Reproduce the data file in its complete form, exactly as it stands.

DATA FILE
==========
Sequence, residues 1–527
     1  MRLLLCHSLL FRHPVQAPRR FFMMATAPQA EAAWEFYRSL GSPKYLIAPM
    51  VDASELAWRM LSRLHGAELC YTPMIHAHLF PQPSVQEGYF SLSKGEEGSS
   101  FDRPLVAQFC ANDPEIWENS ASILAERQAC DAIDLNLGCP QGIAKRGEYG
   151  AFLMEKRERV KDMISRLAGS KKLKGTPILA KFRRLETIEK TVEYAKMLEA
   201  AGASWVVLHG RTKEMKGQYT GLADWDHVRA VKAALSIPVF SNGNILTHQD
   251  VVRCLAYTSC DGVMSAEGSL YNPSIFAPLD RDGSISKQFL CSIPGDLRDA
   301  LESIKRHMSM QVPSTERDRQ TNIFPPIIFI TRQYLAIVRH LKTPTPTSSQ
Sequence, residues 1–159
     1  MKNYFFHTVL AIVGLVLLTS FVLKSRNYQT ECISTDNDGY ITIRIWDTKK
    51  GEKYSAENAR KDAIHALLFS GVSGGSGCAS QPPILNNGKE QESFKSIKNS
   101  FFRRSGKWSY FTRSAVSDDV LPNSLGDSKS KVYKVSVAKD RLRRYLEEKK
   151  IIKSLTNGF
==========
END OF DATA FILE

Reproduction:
Sequence, residues 1–527
     1  MRLLLCHSLL FRHPVQAPRR FFMMATAPQA EAAWEFYRSL GSPKYLIAPM
    51  VDASELAWRM LSRLHGAELC YTPMIHAHLF PQPSVQEGYF SLSKGEEGSS
   101  FDRPLVAQFC ANDPEIWENS ASILAERQAC DAIDLNLGCP QGIAKRGEYG
   151  AFLMEKRERV KDMISRLAGS KKLKGTPILA KFRRLETIEK TVEYAKMLEA
   201  AGASWVVLHG RTKEMKGQYT GLADWDHVRA VKAALSIPVF SNGNILTHQD
   251  VVRCLAYTSC DGVMSAEGSL YNPSIFAPLD RDGSISKQFL CSIPGDLRDA
   301  LESIKRHMSM QVPSTERDRQ TNIFPPIIFI TRQYLAIVRH LKTPTPTSSQ
Sequence, residues 1–159
     1  MKNYFFHTVL AIVGLVLLTS FVLKSRNYQT ECISTDNDGY ITIRIWDTKK
    51  GEKYSAENAR KDAIHALLFS GVSGGSGCAS QPPILNNGKE QESFKSIKNS
   101  FFRRSGKWSY FTRSAVSDDV LPNSLGDSKS KVYKVSVAKD RLRRYLEEKK
   151  IIKSLTNGF